JLSA Seder

First of all, today was a beautiful California day. Clear blue skies, fresh air (from all that rain), and perfect temperature. It’s about time! I have a feeling there are going to be more days like this from here on out.

The highlight of the day was a JLSA potluck seder. I think it turned out really well. The location (GCC) was nice with plenty of room and the turnout was more than I expected. There was plenty of food, which resulted in lots of leftovers! I made quinoa, which is a dicey choice for people who haven’t tried it before, but the rest of the food was terrific. The chicken, vegetables, matzah ball soup, desserts, everything! The Seder was casual and there were plenty of laughs. Thanks to all the participants and Miriam, the president of JLSA. It was nice to celebrate the holiday with friends. I’m glad we were able to pull this thing together 🙂

Regarding whether Quinoa is Kosher for Passover, it seems like it should not be because of its comparison to rice or cous cous (which are not permitted) however most authorities claim it is permitted:

“Kosher for Passover Status: Quinoa was determined to be Kosher L’Pesach. It is not related to the chameishes minei dagan-five types of grain products, nor to millet or rice. Quinoa is a member of the “goose foot” family, which includes sugar beets and beet root. The Star-K tested quinoa to see if it would rise. The result was as Chazal termed, sirchon; the quinoa decayed – it did not rise. Furthermore, quinoa does not grow in the vicinity of chometz, nor does its growth resemble kitniyos (see Igros Moshe O.C. Vol. 3, 63). Therefore, quinoa is 100% Kosher L’Pesach. It is recommended to purchase from manufacturers that do not process Chometz grains. Consumers are urged to carefully check grains before Pesach for extraneous matter.” Source here.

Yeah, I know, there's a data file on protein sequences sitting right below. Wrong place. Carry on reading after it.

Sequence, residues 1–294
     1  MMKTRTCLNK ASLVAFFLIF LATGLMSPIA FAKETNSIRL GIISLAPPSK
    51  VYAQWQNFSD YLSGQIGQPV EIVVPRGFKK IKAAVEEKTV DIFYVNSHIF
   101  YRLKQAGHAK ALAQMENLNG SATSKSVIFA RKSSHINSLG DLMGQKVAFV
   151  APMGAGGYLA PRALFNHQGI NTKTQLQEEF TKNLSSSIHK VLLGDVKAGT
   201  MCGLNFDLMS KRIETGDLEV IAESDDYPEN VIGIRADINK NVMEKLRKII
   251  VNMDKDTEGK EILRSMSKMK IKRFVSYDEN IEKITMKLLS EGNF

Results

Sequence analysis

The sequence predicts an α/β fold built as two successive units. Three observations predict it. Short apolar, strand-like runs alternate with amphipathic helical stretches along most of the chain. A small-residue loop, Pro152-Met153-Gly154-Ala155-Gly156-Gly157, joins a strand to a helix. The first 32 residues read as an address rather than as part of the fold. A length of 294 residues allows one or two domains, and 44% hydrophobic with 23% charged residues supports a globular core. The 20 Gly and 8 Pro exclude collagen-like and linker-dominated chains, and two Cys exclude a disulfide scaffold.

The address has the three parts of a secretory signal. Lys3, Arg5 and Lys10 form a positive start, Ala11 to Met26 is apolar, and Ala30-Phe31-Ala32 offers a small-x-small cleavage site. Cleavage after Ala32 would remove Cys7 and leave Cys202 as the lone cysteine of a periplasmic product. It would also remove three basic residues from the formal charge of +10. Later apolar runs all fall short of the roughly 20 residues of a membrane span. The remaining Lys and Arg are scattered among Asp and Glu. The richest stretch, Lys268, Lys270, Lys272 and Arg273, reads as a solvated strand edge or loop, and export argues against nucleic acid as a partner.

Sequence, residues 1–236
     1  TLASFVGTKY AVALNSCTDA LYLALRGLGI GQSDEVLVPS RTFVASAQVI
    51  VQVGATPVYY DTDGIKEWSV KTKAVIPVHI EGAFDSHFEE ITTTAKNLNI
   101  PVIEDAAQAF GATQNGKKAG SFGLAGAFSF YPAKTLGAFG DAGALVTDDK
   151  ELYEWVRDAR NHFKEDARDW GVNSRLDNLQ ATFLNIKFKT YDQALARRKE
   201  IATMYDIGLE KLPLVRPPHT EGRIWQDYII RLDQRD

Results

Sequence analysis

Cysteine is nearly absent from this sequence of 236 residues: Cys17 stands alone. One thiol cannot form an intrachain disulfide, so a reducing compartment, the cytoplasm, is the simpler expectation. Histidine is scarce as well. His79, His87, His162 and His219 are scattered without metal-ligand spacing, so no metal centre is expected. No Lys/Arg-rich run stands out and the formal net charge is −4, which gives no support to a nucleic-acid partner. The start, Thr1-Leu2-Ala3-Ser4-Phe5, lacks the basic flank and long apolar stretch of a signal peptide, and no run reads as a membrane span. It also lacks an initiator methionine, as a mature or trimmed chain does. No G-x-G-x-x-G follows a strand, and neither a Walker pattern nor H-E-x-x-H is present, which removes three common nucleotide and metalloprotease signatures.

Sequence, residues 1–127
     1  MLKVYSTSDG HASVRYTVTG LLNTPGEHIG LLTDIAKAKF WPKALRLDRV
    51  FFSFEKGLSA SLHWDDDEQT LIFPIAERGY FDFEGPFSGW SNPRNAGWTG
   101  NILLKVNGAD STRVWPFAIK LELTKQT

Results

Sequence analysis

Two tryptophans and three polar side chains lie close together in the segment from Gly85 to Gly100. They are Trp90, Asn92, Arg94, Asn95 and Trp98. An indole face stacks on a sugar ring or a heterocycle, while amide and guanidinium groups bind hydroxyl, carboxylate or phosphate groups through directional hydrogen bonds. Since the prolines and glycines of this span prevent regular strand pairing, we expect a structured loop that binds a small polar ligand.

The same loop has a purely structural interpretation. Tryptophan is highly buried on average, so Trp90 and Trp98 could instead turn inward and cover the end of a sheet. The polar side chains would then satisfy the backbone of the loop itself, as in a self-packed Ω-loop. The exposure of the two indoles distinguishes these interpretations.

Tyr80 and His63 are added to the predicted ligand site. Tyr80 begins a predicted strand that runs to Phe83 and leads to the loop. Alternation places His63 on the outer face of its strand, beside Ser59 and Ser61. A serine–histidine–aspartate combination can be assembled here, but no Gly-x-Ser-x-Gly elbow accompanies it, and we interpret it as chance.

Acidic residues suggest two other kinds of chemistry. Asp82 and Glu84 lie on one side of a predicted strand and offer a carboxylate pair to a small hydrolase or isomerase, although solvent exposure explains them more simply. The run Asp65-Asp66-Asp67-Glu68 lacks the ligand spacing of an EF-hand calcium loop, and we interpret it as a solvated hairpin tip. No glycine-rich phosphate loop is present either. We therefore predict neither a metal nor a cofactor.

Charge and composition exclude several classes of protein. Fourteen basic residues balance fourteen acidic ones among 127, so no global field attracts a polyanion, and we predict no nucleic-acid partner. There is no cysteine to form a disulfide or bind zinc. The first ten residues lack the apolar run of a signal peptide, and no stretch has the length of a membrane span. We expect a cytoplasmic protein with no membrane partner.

Also see this except:

“Finally, there is one product called “quinoa” (pronounced “ken- wah” or “kin-o-ah”) that is permitted on Passover even for Ashkenazim. Although it resembles a grain, it is technically a grass, and was never included in the prohibition against kitniyot. It is prepared like rice and has a very high protein content. (It’s excellent in “chollent” stew!) You should be able to find it at most health food stores. Of course, it needs to be from a closed container that is new for Pesach.” Source here.

Now, I must disclaim that Quinoa does not win a clean sweep of authority. I am aware that some rabbis feel Quinoa is not permitted. If keeping kosher for Passover is very important to you, I recommend asking your rabbi. In my opinion, Quinoa was not something that was even imagined by the makers of the Passover Kosher regimen and the fact that it is demonstrably different from the forbidden foods is more than enough reason for me to happily consume it during Passover (I am not a Kosher person to begin with 🙂

Arrillaga update: back muscles and leg muscles today. The workout went really well. Tomorrow I look forward to hitting shoulders and some cardio. They got 5 new EFX machines, a very nice addition in my opinion. I will use the new ones tomorrow. Now, with 10 Precor EFX’s to go along with the 10 other ellipticals, the wait for a machine during busy times will be reduced. The EFX is my favorite, so it was almost like they answered my prayer.
Another Passover celebration at my sister Talli’s tomorrow! I am pumped, it should be awesome!

Chag Pesach Sameach! (Happy Passover!)

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